Keep judicial elections on the high road

The ideal justice system is symbolized by Lady Justice, the blindfolded goddess who holds perfectly balanced scales. She represents the fairness and impartiality — untainted by partisanship, bias or the influence of money — that we want our own courts and judges to display.

Imagine if we instead had a court system contaminated by party politics and big money. How would you feel, in such a system, if you had a legal dispute with a well-connected political player who had given large amounts of money to the campaign of the judge deciding your case, as well as to the political party that endorsed the judge? Would you have faith in the system? Or would you question whether the scales were tilted against you from the start?

To avoid such distortions we have safeguards to keep judicial elections free of the party politics and influence of big money that has infected the other two branches of government. Unfortunately, those safeguards — and our hopes for clean elections for judgeships — took a hit with a recent federal appeals court decision that says Kentucky’s judicial candidates can announce their political party affiliation while personally soliciting campaign contributions.

This ruling — examined in the July 21 LEO Weekly piece “On the robes” — runs counter to the words, the intent, and the spirit of the Kentucky Constitution, which states in Section 117 that judges “shall be elected from their respective districts or circuits on a nonpartisan basis… ”

There are only seven states with partisan judicial elections, and their experience is not one other states should follow. Their races tend to cost more and are more likely to delve into the partisan muck.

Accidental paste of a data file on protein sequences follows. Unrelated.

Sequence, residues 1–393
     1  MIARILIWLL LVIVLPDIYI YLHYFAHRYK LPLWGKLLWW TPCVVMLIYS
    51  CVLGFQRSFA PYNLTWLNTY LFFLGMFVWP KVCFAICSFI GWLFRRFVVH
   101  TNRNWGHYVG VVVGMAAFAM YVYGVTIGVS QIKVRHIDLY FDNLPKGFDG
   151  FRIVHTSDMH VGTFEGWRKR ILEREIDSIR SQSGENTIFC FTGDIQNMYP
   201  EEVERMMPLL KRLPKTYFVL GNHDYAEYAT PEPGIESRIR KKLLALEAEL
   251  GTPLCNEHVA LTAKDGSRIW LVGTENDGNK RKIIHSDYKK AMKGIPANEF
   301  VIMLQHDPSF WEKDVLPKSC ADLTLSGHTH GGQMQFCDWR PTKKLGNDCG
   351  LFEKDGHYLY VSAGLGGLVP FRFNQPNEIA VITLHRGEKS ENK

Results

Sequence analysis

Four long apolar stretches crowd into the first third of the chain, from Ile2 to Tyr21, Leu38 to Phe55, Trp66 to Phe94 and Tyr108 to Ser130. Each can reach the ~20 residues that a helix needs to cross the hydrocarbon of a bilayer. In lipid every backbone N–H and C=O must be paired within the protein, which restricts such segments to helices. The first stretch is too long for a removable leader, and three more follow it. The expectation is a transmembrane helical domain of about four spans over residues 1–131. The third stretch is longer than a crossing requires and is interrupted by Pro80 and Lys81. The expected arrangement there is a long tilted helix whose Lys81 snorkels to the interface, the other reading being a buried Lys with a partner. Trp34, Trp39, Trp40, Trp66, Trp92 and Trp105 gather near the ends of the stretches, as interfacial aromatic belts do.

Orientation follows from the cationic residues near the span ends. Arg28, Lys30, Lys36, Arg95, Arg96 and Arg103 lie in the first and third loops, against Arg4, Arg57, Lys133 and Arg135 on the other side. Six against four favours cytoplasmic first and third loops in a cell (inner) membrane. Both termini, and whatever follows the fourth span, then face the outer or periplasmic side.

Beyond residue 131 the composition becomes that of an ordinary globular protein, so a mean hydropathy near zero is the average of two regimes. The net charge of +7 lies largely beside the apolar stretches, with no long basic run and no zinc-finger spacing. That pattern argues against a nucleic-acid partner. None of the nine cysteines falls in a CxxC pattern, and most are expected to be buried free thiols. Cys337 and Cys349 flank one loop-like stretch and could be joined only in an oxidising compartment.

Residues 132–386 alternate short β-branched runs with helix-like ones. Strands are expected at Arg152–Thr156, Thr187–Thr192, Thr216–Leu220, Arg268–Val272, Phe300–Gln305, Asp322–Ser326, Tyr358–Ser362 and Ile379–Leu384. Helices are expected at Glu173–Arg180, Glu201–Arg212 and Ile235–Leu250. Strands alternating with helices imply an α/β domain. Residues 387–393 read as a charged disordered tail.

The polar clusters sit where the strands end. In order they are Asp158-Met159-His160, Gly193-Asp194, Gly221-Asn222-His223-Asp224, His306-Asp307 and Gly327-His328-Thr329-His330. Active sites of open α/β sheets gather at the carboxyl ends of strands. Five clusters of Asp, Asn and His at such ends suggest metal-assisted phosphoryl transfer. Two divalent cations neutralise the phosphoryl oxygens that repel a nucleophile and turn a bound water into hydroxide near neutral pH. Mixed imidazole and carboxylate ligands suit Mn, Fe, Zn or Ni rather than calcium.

In West Virginia, the lack of safeguards in judicial races was dramatically highlighted when the CEO of Massey Energy — the company that operated the coal mine where 29 miners were killed in an explosion in April — spent $3 million to influence the election of an appellate judge. The judge later cast a vote favorable to Massey that overturned a $50 million verdict in a fraud case against the company.

We do not want judges in Kentucky engaged in the type of system that has raised such ethical questions in West Virginia. Judges should be free from arm-twisting for campaign funds that can throw their impartiality into question. No one should have to question whether justice is for sale.

Although the recent ruling by the U.S. 6th Circuit Court of Appeals — if it isn’t successfully appealed — could move Kentucky away from clean judicial elections, enlightened advocates, including the League of Women Voters, have a plan to bolster the independence and high standards we expect from judicial candidates. The proposal is to keep judges free of the money chase that taints too much of government by allowing optional public financing of judicial campaigns for eligible candidates who stick to reasonable spending limits.

I’ve sponsored legislation in the Kentucky General Assembly to accomplish this in previous years. In response to the appeals court ruling that has many looking for a way to protect the integrity of our judicial elections, I will renew the push to pass this legislation — which was last proposed in 2006 — during the 2011 legislative session. Judicial races are now facing the possibility of political pressures that didn’t exist in Kentucky in 2006. The time has come to make sure Kentucky has a strong framework in place that protects the independence and integrity of our system of justice.

Public financing of judicial campaigns would give citizens assurance that justice isn’t for sale. It would ensure that judicial candidates aren’t thrown into the corrupting influence of a big money chase. And it would show that we still respect one of our nation’s founding principles, as expressed by Thomas Jefferson, that “the most sacred of the duties of a government (is) to do equal and impartial justice to all its citizens.”

Rep. Jim Wayne, of Louisville, represents Kentucky’s 35th House District in the Kentucky House of Representatives.